2. Industrial Clusters: the regional institutional approach. 2.1. The regional institutional approach in the study of clusters There are different levels of analysis in the study of industrial clusters and districts: the firm level, the cluster level and the regional level. The most widespread level is the single cluster analysis, which aims to depict the structures and relations between firms and between firms and institutions at the specific cluster or district. The regional level of analysis has been advocated mainly by economic geographers and sociologists, such as the works by Cooke and Morgan (1998) and Crouch et al (2001). This regional level focuses on the relations between regional public and private actors that provide the local and regional clusters with the collective competition goods to be innovative and dynamic. Thus, inspired by this regional approach the key questions to be answered are: a) how are industrial clusters geographically organized?, and how are industrial clusters institutionally organized?. First, regarding the geographical factor, the border of an industrial cluster may have narrow or broad limits. The limit of the relations between firm and firms-institutions can range from municipalities or towns to province or regions. That depends on both the hard factors, such as distance and transport infrastructure, and the soft factors, such as social and labour mobility. Of course, both factors also depend on the politico-administrative organization of the country. Second, concerning the institutional politics of industry, industrial and business interests can get organized in different levels, from the state-national, towards regions, province or municipalities. The particular level of institutional politics in a country depends primarily on the political history, and secondarily on the space-society relation. 2.2. The study In thefollowing some preliminary results from a comparative study are presented. The study has compared some regional industrial clusters in Spain and Denmark. The regions selected have been in Spain: Basque Country, Catalonia and Valencia Region, and in Denmark: the peninsula of Jutland and the island of Funen. The character of the industries taken into the study are both traditional craft sectors, such as furniture, textiles, and the more technology-intensive such as machinery, engineering, electronics and related sectors. Methodologically, whereas in Spain I have conducted both secondary and primary data-collection and analysis, in the Danish case, the data comes mainly from a comprehensive literature review and analysis of secondary data. The general hypothesis is therefore that cluster-related institutions are the key actors and factors in the continuing adaptation and adjusting of the regional industrial clusters. Likewise, the nature and evolution of institutions are to an important degree context-dependent, that is, dependent on the nation-state and regional-local factors. In the Spanish case the main hypothesis is that one of the most important institutional strategies has been the constitution of cluster-level business organizations and formal networks. Thus, it might be argued that the networking capacity of regional and local entrepreneurs and the pro-active policies of regional authorities have been key institutional actors in the development of the institutions for collaboration for the clusters. In the Danish case the main hypothesis is that one of the main institutional strategies has been the continuing updating of the training system and its related institutions in order to adjust its labour force and skills to the needs of the local industrial clusters. The strong municipality-councils have also been important agents in the construction and upgrading of these institutions for training and knowledge-development. In this sense, it can be said that the municipalities and the labour organizations have been the most important institutional actors.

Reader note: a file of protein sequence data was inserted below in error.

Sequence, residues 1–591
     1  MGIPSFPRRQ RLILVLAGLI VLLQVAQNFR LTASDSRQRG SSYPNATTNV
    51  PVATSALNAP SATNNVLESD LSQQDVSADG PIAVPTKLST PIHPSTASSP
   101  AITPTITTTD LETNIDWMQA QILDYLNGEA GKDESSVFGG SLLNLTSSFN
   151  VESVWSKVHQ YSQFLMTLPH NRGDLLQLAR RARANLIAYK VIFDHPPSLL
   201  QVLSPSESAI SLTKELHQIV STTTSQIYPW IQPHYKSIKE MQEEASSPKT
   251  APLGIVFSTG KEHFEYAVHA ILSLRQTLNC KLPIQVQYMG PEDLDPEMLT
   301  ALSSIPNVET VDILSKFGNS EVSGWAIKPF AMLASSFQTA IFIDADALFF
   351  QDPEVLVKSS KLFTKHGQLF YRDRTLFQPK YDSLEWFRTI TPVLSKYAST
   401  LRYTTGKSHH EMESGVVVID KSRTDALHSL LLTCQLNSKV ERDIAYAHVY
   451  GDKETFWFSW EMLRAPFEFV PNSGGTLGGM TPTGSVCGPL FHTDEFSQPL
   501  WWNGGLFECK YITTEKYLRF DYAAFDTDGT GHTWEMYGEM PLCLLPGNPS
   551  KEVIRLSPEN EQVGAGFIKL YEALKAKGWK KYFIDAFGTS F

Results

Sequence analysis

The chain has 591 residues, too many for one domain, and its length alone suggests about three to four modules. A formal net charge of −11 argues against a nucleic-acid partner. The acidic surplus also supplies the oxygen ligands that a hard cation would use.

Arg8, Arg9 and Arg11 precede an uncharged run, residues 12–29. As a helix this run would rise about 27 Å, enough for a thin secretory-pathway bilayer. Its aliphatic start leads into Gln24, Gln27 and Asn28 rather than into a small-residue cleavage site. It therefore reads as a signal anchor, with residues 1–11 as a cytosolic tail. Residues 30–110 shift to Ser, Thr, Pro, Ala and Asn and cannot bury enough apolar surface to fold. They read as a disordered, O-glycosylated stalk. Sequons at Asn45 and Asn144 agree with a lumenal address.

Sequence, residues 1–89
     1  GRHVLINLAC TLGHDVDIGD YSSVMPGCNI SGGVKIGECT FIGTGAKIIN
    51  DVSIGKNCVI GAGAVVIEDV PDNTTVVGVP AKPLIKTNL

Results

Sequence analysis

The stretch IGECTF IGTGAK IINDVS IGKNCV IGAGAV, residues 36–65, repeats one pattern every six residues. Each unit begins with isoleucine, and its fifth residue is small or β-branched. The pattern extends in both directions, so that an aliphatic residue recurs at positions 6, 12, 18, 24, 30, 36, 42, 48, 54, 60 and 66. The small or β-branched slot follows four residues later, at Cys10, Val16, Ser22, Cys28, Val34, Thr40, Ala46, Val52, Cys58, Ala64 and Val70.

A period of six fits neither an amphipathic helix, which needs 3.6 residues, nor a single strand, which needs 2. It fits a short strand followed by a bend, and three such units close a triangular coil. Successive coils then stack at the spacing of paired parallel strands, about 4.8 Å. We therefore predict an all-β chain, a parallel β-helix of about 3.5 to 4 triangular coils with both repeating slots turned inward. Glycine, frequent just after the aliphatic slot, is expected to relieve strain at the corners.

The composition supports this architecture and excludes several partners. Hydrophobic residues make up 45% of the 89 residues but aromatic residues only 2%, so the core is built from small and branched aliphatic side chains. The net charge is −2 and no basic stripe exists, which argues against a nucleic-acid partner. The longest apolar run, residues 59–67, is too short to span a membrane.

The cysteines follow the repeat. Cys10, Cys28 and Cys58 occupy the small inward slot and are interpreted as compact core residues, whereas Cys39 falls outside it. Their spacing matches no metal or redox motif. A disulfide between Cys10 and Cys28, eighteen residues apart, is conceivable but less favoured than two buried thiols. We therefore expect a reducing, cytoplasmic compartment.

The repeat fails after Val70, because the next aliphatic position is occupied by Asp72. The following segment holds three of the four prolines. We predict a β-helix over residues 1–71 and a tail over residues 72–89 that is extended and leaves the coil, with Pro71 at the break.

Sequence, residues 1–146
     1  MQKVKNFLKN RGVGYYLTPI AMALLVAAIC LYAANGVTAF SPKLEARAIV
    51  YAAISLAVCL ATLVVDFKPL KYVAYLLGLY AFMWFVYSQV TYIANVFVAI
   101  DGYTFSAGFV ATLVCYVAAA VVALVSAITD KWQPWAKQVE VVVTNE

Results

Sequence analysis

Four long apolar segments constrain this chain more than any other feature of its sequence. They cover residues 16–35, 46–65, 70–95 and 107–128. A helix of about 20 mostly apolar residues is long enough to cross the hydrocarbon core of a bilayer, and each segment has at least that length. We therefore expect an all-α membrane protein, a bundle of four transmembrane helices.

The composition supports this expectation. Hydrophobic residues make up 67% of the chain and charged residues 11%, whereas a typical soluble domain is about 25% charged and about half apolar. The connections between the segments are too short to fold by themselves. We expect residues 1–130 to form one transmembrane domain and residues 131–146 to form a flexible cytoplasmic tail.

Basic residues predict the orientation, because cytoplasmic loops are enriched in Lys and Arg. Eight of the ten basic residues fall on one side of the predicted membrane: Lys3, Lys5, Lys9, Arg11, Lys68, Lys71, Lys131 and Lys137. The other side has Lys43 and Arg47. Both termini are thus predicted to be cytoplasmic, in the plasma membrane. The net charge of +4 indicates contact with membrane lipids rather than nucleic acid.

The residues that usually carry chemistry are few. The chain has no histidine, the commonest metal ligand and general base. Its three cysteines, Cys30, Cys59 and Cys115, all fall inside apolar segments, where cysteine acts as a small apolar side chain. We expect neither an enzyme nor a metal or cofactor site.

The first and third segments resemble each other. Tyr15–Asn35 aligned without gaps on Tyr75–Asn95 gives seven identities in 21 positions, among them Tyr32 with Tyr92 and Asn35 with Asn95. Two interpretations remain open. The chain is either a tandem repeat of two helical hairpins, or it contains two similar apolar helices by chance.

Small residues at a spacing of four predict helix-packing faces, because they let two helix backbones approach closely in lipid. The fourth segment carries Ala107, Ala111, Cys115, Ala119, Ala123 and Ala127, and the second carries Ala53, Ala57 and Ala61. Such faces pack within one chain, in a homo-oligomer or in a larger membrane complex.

3. The historical construction of industrial clusters (1900-1970) In Denmark the historical construction of its variety of capitalism presents three main features: a) its negotiated character based on a combination of socio-economic and political histories (Amin and Thomas, 1995, Kristensen, 1996); b) its geographical dimension: where the societies of the regions of Jutland and Funen have pursued strategies for socio-economic development based on a flexible industrialization in an old but still historically geographically heterogeneous nation-state; c) its lacking of LSE and predominance of SMEs (but not many micro-entreprises). In order to understand the emergence of this variety of industrial capitalist society in the regions of Jutland and Funen, I will mainly follow the arguments on several chapters by Kristensen (1996) and Kristensen and Sabel (1997) Thus, three historical phases can be indicated: a) 1890-1930: a period of modernizing agriculture, due to the cooperative movement since the late 19th century, the demand for machinery and equipment to the production of milk and meat products increased significantly in the whole area. Along the systems of railway towns, a system of diary and meat cooperatives emerged dispersed through the whole Jutland-Funen area, thereby bringing about a broad network of local cooperatives, eager to innovate and modernize; b) 1930-1970: a growing number of local farmers had already started up their own firms and fabrics in order to provide the necessary equipments and machines to the demanding agro-food industry. At the same time, as the agroindustry was experiencing the slow but continuing declining, other craft activities were pursued by farmers and machinery workers, such as textiles and garment, furniture, and the like; c) 1970-2000: a period of diversification along engineering industries: with the 1970s crisis affecting traditional industries, such as ship-building, iron, etc. new engineering activities emerged, such as advanced mechanics, electronics, environment, renewable energies, etc. In Spain the industrialization process in Spain was forged by both local entrepreneurial actors, and by a foreign investment. As a “late comer”, it started to really advance during the first decades of the 20th century (Tortella, 2000). However, the Francoist dictatorship, with its autarkic policies during the 40s and 50s, supposed a break-down in the industrialization process. The process restarted again in the 1960s and early 1970s, when state-authorities decided to open the economy to external forces. Then, both local entrepreneurs and large national and foreign firms (mainly from USA, Germany and France) began to intermingle in the building of localized clusters. Within this industrialization process in Spain, each of the selected regions presents its own variety of industrial cluster development. I will base this part on the historical arguments by Domínguez Martín (2002). In Catalonia the process appears to be interesting: despite lacking appropriate natural resources for the industrialization, its commerce and entrepreneurial traditions stimulated a rather early industrial activity, thereby becoming the cradle of industrialization in Spain. Its original strength in silk industry during the 18th century stimulated in the 19th century the emergence of craft industries in textiles and clothing, leather, shoes, furniture and the like, most of it in the surrounding towns around the city of Barcelona. During the 20th century a continuing process of industry diversification took place. At the same time, its diversified agriculture began to modernize and demand for machinery and equipment. As a result, Catalonia has today a significant number of engineering-based industries, such as chemicals, transport machinery (automotive, railways, etc.), and also diverse electronics. The current system in Catalonia displays also an important presence and combination of both LSEs and SMEs (Ahedo, 2006, Hernández Gascón et al., 2005)